We went in convoy to the border with Cambodia where our Vietnam agent had already pre-cleared our passports for exit.
A short stop to say goodbye to our brilliant agents, and a cursory checkbox tick for the cars from the authorities and we were out of Vietnam in a jiffy.
Just one last group photo before leaving, and we will see the crew again in North Vietnam when we finish.
On the Cambodian side, immigration was equally slick. Our immigration forms had already been organised and all we had to do was sign our visa and away we went.
First impressions of Cambodia. Lack of motor cycles. The whole of Cambodia has a population of 16 million, and there are 16 million people in Ho Chi Minh City alone and everyone has a motor cycle, so the contrast with less traffic here was stark. The roads are straight and fast and very well maintained.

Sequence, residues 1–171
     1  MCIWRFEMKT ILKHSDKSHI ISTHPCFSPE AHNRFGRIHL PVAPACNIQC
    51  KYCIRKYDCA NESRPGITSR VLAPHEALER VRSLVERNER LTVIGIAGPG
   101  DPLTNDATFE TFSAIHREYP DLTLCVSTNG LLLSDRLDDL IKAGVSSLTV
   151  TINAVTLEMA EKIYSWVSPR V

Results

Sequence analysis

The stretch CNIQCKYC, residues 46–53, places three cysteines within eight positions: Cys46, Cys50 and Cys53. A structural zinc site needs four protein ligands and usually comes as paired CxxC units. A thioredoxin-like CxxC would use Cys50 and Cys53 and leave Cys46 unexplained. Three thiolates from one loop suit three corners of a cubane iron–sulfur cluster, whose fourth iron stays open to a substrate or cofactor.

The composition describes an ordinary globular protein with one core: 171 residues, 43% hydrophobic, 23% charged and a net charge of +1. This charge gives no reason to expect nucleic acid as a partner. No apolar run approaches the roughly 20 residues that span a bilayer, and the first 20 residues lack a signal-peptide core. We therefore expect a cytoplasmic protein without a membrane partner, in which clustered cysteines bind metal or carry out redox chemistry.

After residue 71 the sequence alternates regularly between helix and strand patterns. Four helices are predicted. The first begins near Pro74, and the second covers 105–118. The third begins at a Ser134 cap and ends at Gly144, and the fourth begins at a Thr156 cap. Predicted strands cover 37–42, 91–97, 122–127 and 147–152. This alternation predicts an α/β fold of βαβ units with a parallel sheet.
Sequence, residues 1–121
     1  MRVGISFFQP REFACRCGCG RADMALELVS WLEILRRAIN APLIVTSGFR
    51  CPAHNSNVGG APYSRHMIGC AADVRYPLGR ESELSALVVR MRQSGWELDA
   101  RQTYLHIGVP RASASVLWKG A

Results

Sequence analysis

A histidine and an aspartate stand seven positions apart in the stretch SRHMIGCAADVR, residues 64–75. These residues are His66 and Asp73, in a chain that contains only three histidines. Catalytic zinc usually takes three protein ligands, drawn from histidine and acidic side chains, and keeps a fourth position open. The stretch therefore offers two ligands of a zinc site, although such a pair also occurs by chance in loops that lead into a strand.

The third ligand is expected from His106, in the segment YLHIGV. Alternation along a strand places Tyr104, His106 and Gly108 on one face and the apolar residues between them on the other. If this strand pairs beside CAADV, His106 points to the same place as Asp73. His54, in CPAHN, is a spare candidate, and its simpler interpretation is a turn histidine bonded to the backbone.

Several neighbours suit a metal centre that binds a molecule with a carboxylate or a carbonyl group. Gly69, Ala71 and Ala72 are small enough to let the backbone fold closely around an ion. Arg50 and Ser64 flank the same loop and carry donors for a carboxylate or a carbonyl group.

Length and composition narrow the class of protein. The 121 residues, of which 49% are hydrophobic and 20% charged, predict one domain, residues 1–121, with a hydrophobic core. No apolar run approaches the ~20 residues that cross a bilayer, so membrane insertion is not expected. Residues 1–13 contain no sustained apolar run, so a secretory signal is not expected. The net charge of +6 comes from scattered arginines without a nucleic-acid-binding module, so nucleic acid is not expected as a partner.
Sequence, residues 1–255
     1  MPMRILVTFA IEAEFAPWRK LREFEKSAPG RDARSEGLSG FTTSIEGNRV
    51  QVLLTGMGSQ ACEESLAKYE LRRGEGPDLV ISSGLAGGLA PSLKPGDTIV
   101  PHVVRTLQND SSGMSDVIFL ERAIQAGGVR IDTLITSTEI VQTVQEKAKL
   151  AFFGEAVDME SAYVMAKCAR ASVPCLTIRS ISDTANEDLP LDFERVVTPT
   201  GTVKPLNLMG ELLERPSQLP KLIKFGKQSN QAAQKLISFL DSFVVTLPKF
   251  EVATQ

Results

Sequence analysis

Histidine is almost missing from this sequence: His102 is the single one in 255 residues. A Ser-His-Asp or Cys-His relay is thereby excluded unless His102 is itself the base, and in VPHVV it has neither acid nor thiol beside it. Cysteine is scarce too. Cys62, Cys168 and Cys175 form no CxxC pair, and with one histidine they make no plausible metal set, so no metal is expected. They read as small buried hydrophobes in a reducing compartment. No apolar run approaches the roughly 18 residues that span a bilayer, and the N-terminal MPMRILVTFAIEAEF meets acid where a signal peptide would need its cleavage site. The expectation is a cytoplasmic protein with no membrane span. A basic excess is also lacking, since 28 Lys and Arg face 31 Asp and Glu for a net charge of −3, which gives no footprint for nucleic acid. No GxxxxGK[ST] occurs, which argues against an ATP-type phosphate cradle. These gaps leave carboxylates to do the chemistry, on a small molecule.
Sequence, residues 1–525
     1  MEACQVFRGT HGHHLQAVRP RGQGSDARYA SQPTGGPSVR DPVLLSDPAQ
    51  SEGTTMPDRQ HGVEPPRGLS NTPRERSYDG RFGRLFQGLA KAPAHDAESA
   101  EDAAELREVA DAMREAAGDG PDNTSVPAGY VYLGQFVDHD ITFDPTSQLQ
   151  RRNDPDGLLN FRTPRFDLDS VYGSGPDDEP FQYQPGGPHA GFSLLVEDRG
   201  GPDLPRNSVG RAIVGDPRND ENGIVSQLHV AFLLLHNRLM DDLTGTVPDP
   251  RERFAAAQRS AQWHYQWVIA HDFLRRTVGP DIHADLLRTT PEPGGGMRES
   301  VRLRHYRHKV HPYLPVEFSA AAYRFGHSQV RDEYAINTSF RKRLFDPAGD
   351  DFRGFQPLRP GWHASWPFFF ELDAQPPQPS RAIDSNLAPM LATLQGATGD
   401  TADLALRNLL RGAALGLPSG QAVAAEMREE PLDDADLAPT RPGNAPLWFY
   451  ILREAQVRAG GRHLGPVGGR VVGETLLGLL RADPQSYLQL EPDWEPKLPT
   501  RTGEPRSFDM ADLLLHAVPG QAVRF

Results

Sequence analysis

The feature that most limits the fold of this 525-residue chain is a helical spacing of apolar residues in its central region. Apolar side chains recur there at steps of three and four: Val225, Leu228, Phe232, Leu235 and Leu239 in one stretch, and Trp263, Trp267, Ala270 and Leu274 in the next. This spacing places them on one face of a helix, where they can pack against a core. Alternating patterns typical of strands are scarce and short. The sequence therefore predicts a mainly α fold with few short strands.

The countryside is green and largely unpopulated, at least where we are. At times it felt like driving through Hampshire, except for the sign “Elephants crossing”. We saw monkeys too, so an immediate contrast to Vietnam. Buddhism, Temples and monks on motorcycles were evident on the way.
Our first attraction though was the crab market at Kep. Crab and shellfish are kept fresh in baskets in the sea until a customer wants to purchase. Crabs are chosen and cooked straight away and eaten hot and fresh. The market was heaving with stalls and visitors, all attracted to this panoply of delightful food.
Next up was a trip up to Bokor Hill Station, a 30km climb of hairpin bends to the top with lovely views and historical sites. The Hill Station was established by the French in 1925 and subsequently abandoned twice, during WWII and the Khmer Rouge period. The area including Bokor “mountain” was established as a national park in 1993, with its 1500 sq kilometers spanning four Cambodian provinces. Only a few buildings remain.
An exhilarating end to the day was enjoyed on fast sweeping roads with little traffic until we reached our hotel for the night at Tatai, where check in couldn’t have been more welcoming.
A very hot day was relieved for many by a plunge into a very refreshing pool and a cold Cambodian beer.